“There’s only one real question: how can we effect change and make a difference on a global scale? I get to collaborate with various brands to pursue this goal. I am talking about universally recognized brands; for example, I’ve been developing a shared path for a while now with Timberland. My team and I assess every collaboration because we want it to be credible and fair. It’s true; we are sometimes cynical, but we have to protect our values. Sports is also part of this thinking. Our collection with Vans, for example, the iconic brand linked to skate culture and the concept of sports functionality. Or the recent development of the KIT:BAG project, entirely dedicated to football. Football has been a common thread in my life since 1991 when I fell in love with Tottenham, who won the FA Cup that year. I was nine years old and couldn’t imagine my favorite team ever losing again…. I always follow cups and leagues, and not long ago I began to wonder where the kits of the various Premier League teams ended up at the end of a single season. Every year, the Premier teams alone produce about 19 million jerseys for their fans, so many go unsold. This is a huge waste, and we thought we could reuse those jerseys to create special bags, which can then be recycled. The momentum is building now as more and more teams are taking an interest in this issue. And these numbers are just about the Premier League, can you imagine?. KIT:BAG and other similar projects can be replicated for other football leagues and huge associations like the NFL and NBA. We need help to fix this trend, so I’m trying to get other brands involved, as well as the athletes and sports clubs themselves.”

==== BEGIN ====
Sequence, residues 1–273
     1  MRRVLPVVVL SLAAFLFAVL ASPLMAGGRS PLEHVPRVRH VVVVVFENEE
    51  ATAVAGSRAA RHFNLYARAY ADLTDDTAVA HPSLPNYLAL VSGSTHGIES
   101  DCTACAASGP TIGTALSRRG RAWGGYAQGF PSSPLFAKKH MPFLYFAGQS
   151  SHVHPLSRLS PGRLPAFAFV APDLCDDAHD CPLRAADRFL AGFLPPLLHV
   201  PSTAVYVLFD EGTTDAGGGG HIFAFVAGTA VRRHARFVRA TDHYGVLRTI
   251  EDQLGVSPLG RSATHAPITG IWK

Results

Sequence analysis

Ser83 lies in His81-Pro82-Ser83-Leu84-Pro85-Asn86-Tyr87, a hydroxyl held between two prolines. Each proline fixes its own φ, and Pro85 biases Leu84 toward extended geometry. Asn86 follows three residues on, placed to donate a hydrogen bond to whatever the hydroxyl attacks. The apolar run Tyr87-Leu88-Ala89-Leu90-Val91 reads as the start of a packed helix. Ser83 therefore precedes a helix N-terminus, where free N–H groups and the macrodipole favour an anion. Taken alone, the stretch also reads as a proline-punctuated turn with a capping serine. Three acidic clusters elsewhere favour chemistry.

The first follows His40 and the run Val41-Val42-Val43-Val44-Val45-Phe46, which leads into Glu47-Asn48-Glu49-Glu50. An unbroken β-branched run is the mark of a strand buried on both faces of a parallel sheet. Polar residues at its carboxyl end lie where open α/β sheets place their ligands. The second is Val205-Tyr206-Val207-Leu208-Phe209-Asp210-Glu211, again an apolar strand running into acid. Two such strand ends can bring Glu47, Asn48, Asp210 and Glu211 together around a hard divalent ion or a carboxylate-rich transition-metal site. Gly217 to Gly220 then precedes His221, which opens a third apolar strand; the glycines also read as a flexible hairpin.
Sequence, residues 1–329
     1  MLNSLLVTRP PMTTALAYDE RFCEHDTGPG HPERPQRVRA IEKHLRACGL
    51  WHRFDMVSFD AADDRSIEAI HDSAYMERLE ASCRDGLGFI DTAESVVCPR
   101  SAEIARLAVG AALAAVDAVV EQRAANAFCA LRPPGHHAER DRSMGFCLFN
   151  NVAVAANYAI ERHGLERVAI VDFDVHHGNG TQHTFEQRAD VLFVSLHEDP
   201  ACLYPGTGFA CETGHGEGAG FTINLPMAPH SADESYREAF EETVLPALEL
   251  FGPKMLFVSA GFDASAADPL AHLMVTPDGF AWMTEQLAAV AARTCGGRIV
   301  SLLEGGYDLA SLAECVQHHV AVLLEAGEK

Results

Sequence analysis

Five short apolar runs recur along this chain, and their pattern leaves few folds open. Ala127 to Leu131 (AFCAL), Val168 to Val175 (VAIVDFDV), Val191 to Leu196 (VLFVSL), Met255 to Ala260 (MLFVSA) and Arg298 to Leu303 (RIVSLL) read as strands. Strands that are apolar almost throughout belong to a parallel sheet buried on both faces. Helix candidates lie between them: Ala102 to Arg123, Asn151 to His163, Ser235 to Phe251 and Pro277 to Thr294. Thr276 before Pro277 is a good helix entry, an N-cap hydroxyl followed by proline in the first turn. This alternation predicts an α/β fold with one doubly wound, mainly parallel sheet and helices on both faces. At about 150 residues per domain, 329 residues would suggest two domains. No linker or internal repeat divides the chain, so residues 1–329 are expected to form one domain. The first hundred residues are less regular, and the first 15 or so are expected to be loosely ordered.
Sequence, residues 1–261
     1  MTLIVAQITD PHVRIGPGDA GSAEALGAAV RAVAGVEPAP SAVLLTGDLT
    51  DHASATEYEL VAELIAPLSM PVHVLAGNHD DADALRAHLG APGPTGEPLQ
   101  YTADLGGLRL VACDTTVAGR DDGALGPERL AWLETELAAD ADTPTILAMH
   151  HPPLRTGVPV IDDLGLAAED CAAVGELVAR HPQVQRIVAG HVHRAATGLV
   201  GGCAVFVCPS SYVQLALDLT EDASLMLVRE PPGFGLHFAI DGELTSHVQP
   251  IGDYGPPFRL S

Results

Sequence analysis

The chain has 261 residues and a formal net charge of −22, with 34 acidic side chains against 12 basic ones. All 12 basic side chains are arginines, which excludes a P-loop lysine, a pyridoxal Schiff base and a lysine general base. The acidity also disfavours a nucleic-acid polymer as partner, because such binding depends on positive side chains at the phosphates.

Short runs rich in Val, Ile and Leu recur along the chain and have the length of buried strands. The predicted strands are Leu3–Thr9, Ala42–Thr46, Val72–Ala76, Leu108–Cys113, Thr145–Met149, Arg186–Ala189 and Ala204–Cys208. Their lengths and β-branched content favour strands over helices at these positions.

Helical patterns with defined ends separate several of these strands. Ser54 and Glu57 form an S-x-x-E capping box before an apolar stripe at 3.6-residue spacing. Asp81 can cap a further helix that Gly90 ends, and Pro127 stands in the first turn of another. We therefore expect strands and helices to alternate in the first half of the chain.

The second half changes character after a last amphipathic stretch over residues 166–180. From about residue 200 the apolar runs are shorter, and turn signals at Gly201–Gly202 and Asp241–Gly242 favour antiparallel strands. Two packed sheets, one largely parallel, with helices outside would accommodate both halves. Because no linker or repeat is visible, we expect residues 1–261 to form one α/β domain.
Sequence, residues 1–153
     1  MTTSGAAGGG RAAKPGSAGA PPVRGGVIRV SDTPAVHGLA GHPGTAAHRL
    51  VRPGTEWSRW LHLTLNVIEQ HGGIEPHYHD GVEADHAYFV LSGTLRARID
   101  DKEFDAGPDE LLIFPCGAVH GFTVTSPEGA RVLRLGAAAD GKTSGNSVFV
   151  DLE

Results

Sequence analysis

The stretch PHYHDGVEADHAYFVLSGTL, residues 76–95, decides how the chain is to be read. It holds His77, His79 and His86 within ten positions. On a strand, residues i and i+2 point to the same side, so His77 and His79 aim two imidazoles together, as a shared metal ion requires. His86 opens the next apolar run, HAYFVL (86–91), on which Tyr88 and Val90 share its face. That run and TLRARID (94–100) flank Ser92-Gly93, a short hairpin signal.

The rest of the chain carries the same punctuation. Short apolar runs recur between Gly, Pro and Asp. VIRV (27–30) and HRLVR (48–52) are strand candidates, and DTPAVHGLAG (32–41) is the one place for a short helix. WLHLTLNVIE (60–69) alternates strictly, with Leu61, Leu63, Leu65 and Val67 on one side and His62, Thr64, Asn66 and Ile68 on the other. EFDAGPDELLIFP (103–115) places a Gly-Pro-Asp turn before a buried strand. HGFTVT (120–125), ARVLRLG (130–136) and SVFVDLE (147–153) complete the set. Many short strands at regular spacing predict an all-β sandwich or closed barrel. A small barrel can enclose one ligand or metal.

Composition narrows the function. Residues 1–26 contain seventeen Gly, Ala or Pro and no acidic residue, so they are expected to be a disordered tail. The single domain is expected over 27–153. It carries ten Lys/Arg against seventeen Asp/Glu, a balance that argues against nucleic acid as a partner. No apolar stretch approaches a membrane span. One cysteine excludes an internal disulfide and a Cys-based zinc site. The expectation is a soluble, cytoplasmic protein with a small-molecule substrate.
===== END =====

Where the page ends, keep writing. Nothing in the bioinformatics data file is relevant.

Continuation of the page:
In Christopher Raeburn’s remarks, the word ‘responsibility’ comes up often. Responsibility for the present. For the future. The responsibility of an industry that has too often sacrificed this term on the altar of revenue. Today, Raeburn’s sense of urgency comes out loud and clear, as he alternates between dire future scenarios and a brighter horizon that awaits us if our collective action and sensitivity prevail.

“We have an enormous amount of work, because it would be silly to think everything is just fine. We can all do better, learn about the circular economy and teach it to others. The world is full of discarded clothing, and it’ll be tough to eliminate the enormous waste generated by the overproduction of garments and materials. But I’m hopeful. My hope is that a future that today sounds like utopia will eventually come true, where fashion will stop burdening the Earth and even come to its aid. Of course, it’s not going to be easy.”